Ronald Reagan scored 59 percent in June 1981 and remained in the high 50s and low 60s until unemployment began to spike in November 1981 in the then-worst recession since the Great Depression. He went as low as 35 percent in January 1983, but was handily re-elected.
Reagan’s successor, George H.W. Bush, had a 69 percent approval rating in June 1989 and stayed in the high 50s, 60s, 70s — even 80s — into 1990, even before the first Gulf War in 1991, when it shot up to 91 percent. Then he lost the presidency in 1992.
Clinton had the shortest honeymoon of any recent president, falling from the 50s into the 40s by May 1993. He climbed out of his early hole, remaining in the low 50s and high 40s until his health care plan fell apart in September 1994. But he got re-elected, too.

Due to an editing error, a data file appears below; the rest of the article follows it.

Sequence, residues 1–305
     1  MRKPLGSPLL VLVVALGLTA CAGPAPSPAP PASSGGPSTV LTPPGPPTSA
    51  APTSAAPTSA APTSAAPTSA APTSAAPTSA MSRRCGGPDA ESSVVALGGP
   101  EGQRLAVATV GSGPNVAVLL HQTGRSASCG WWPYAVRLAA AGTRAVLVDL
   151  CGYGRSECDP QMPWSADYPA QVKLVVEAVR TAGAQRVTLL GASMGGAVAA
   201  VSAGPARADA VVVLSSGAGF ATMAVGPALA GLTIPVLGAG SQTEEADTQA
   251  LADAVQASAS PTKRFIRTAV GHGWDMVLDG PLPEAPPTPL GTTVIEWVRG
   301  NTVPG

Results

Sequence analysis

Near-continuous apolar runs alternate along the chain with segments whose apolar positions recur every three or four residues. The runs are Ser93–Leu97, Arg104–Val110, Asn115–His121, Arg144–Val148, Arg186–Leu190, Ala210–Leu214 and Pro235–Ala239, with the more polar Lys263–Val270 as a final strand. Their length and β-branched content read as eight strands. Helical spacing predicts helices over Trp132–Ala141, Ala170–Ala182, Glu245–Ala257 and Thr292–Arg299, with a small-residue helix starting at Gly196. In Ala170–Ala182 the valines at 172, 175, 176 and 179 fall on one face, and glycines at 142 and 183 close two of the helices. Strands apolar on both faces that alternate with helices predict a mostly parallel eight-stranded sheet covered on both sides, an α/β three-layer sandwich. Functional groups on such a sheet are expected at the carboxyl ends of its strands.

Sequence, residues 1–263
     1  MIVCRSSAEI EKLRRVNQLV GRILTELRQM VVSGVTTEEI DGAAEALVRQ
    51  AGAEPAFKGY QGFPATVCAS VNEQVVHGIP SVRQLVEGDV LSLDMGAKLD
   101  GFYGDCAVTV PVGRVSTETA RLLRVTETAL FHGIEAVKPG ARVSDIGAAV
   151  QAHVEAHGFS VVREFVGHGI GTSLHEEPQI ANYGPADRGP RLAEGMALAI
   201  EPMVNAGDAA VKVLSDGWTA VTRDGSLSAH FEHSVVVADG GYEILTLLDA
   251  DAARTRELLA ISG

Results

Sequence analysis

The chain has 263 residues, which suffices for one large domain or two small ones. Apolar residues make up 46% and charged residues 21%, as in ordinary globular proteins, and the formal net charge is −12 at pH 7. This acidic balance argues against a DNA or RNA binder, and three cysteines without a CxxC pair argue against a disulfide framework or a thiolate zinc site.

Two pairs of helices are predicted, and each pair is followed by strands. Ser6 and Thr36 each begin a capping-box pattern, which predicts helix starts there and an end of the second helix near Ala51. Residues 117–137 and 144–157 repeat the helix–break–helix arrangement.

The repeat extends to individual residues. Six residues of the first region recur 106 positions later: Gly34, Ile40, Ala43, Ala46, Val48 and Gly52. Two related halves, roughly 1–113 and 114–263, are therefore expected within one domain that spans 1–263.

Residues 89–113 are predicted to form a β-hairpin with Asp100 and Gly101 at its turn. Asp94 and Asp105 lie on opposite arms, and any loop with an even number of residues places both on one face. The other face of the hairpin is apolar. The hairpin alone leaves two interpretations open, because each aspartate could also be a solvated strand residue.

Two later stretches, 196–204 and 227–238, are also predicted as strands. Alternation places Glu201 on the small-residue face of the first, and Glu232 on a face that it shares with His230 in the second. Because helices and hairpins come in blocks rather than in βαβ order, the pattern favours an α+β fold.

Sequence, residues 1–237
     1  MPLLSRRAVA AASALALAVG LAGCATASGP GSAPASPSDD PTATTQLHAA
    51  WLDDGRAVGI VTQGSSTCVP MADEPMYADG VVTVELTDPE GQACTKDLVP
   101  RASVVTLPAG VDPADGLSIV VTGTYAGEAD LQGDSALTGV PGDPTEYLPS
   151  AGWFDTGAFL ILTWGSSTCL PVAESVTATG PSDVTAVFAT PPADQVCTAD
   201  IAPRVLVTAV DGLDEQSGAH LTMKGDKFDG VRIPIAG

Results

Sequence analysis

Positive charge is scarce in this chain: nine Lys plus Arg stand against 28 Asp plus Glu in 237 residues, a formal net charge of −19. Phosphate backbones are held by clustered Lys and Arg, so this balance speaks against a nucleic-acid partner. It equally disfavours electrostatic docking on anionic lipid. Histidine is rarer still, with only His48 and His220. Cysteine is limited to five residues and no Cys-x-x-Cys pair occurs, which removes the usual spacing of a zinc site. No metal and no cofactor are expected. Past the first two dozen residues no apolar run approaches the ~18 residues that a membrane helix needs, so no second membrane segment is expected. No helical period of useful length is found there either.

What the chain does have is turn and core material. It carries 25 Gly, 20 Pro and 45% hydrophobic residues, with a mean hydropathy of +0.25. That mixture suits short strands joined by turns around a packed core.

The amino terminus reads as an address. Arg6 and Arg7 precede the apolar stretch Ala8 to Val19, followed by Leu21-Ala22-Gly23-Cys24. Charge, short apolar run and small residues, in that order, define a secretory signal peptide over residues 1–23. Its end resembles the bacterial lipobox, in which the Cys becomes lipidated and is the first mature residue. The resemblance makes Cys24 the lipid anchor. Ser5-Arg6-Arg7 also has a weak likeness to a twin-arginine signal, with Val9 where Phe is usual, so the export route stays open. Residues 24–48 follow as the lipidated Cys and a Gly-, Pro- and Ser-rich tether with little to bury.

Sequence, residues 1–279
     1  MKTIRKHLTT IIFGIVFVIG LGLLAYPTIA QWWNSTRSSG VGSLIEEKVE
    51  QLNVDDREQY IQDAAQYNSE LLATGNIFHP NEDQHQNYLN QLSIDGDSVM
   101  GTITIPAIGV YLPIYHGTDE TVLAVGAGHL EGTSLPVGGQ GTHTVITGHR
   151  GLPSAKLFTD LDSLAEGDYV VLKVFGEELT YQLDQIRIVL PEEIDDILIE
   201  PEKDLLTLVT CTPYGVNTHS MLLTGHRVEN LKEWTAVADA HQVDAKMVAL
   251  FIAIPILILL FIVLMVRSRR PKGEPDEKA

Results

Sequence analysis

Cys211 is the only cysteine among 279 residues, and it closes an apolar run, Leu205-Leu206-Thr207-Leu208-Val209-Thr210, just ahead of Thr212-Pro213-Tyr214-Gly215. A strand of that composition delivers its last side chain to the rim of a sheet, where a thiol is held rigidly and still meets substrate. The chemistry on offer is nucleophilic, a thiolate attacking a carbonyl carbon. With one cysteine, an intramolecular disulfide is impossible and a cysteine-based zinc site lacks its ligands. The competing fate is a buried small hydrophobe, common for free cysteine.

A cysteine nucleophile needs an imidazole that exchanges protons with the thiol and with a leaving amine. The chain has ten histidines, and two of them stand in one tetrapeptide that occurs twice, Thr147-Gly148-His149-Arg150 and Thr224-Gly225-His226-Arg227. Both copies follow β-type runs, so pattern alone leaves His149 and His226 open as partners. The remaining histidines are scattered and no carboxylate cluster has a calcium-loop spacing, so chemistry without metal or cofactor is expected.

And, despite the divisive circumstances of his election, George W. Bush had a 55 percent approval in June 2001 and stayed in the 50s and 60s until his popularity soared after Sept. 11, 2001.
Regardless of history, Obama enjoys even higher ratings in some other polls than in Gallup’s — his Washington Post-ABC rating is 65 percent — and he’s the beneficiary of 2-to-1 favorable stories in the mainstream media, according to the Pew Research Center.
Despite some media caviling, the public does not seem to think Obama has bitten off more than he should be trying to chew with a domestic agenda that includes health care reform, energy and environmental transformation, new financial regulation, plus the takeover of banks and auto companies.